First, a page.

Colorado’s Democratic governor and legislative leaders have laid out their plans to distribute $1.67 billion in federal aid granted through the CARES Act coronavirus recovery bill.
The announcement caught some off-guard, especially after Gov. Jared Polis initially said the legislature would have a say in how the money is dispersed. His executive order on the disbursement was signed on May 18.
Of the money, only $275 million will actually trickle down to local and municipal governments. The rest of the money will be distributed as follows:
- The bulk, about $950 million, will go toward education
- $205 million to local public health agencies for COVID-19 response
- $85 million for first responder and public health worker payrolls
- $59 million for second-order effects of the emergency, such as human services programs
- $10 million to comply with public health measures at veterans and state facilities, and $10 million for emergency rental and mortgage assistance and other direct assistance.
“This immediate disbursement ensures that no Coloradan has to go without a hospital bed when they need one, that the state can continue to scale up testing and containment and protect our most vulnerable,” said a statement from the governor.
The legislature’s powerful Joint Budget Committee is currently drafting the state budget — one that has been hobbled by the pandemic. Republican State Sen. Bob Rankin has served on the committee for a number of years and was disappointed by the announcement.
“For the governor to announce this allocation of funds — without so much as consulting the chief budgeting body — is not only a lapse in leadership but has now eliminated the people’s voice over how their money is spent,” he said in a statement.
Now, instead of a discussion on how to divide the federal dollars, the JBC will work through the technical aspects of the CARES money, how it can or cannot be used.
GOP Congressman Scott Tipton added that the $275 million local direct assistance might not be adequate “given some of the challenges that our counties have had.” He had early concerns that dollars for state and local governments would mainly stay at the state level.
“The governor’s executive order needs to be looked at critically by Treasury, and I challenge the governor to explain how money for colleges to ‘increase student retention and completions’ are an allowable use of this money,” he said.
Like the state, several Colorado counties and local governments are looking at budget shortfalls due to the cost of the COVID-19 response and a loss of tax revenues. When it comes to local aid, under the CARES Act, only counties with populations of 500,000 or more got direct local aid.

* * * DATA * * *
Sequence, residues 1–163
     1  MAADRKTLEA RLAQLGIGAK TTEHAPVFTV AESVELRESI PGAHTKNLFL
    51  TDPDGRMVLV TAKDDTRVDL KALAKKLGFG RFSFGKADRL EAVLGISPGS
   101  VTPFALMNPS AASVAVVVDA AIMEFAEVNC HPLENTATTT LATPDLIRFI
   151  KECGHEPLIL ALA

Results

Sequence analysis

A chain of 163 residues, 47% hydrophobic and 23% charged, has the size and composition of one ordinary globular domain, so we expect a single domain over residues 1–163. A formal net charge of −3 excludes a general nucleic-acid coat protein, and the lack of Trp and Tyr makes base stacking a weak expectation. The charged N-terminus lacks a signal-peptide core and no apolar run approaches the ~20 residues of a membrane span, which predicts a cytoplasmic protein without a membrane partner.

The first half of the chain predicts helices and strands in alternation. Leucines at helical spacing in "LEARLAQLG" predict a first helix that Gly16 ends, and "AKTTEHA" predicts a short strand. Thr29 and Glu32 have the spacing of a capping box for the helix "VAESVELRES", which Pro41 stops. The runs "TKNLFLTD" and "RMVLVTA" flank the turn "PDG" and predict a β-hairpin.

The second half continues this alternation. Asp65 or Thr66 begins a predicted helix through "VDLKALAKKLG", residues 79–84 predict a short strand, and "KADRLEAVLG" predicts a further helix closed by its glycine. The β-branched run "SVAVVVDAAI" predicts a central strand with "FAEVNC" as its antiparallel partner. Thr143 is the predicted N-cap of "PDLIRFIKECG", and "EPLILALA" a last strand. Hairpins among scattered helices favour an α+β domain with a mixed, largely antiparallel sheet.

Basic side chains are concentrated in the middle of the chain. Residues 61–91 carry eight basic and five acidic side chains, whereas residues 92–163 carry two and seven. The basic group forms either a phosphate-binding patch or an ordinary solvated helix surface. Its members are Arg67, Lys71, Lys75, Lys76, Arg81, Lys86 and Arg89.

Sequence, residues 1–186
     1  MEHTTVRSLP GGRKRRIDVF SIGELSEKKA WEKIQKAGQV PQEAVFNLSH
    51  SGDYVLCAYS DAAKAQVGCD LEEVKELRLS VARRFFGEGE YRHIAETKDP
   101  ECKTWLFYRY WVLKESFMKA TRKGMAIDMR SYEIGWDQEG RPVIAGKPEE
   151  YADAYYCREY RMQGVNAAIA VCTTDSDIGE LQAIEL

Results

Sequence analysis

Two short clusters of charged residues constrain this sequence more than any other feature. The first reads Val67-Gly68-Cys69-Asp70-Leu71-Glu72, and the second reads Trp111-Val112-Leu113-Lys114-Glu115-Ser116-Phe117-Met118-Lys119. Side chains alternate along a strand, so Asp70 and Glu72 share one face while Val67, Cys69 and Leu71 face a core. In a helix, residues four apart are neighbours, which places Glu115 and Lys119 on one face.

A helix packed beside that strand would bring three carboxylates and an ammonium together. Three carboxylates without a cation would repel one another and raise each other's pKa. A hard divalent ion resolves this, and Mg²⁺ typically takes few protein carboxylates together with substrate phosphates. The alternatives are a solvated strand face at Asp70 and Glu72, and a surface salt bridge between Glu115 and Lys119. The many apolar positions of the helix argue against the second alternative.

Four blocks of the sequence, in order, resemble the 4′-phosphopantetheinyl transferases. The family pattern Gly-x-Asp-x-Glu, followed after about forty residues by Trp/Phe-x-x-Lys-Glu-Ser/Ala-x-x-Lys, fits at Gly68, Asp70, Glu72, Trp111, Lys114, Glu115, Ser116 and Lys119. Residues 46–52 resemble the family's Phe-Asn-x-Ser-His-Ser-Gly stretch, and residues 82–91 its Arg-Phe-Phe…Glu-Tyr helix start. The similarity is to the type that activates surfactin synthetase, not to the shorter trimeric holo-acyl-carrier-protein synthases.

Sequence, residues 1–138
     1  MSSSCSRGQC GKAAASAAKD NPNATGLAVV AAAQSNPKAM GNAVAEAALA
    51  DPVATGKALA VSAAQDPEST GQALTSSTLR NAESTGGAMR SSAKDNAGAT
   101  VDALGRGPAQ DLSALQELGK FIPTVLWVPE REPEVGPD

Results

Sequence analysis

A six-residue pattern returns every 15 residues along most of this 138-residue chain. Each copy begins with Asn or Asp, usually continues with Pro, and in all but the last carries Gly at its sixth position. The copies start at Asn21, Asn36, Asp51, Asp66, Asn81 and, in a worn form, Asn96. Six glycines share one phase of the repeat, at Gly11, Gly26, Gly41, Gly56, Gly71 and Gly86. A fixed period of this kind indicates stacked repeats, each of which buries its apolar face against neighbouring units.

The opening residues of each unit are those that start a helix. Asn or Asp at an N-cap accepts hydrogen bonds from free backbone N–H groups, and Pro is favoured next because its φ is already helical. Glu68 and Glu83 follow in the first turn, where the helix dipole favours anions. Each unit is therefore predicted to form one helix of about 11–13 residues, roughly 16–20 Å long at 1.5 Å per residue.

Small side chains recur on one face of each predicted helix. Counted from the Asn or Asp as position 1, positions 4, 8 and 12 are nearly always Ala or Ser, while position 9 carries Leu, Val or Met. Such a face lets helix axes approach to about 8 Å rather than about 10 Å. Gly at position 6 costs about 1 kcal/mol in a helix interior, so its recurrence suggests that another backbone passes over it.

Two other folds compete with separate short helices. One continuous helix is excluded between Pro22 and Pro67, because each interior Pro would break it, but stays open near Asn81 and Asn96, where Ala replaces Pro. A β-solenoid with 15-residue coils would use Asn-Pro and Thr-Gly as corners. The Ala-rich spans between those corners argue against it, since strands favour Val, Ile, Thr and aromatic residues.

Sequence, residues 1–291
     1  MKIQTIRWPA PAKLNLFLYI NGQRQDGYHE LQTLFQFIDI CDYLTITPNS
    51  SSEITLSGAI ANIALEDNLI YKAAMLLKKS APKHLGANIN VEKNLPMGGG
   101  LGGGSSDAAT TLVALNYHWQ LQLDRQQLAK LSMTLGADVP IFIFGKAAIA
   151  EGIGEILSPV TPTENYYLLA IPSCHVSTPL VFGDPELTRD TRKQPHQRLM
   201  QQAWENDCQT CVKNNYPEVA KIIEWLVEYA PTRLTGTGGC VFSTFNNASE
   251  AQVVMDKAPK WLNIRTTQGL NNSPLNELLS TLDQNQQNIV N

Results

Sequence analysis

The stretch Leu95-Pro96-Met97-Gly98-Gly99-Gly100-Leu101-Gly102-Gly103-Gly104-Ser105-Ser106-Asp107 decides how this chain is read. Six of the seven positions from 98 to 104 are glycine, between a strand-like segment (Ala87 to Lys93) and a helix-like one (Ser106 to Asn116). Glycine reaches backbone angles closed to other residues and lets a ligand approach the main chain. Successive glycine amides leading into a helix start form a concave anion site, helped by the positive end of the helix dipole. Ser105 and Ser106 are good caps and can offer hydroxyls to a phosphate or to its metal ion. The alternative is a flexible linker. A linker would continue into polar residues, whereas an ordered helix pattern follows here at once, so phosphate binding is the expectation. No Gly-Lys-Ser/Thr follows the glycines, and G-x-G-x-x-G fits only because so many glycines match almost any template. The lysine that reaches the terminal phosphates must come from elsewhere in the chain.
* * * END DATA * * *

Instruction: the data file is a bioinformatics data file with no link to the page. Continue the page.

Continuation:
In total, only five of Colorado’s 64 counties fell into this category. This left a majority of mid-sized and rural communities waiting to see how much financial help they’d receive.
The Colorado Municipal League had been hoping for no less than $400 million to go to local governments, said executive director Kevin Bommer. The organization has worked with the Legislature on a program to disperse the funds to eligible communities for eligible costs.
“Ultimately the governor’s executive order will ensure dollars will get out faster because we don't have to wait for legislation to pass and be signed and all that,” Bommer said. “But obviously, it's an amount that’s a bit less than we were asking for.”
While the announcement gives local leaders a realistic idea of what to expect from the state, it also put pressure on members of the congressional delegation to come through with more federal aid or watch as local governments furlough and layoff employees.
“I think that there will still be significant pressure to have the federal government step forward,” said Democratic Rep. Joe Neguse. His bill for $375 billion in direct local stabilization funds was included in the Heroes Act which has already passed the Democratic-controlled House.
Republican leaders in Congress, however, believe a pause is needed before any additional coronavirus aid is taken up even as the pandemic and its economic disruption continue to wreak havoc across the state. For his part, Colorado Democratic Sen. Michael Bennet wants the federal government to step up and do more for local governments.
“The fact that Leader McConnell is planning for a weeklong Memorial Day break without passing more funding for state and local governments, even as they face drastic cuts to essential services, is unacceptable,” he said.
CPR Reporter Bente Birkland contributed to this story.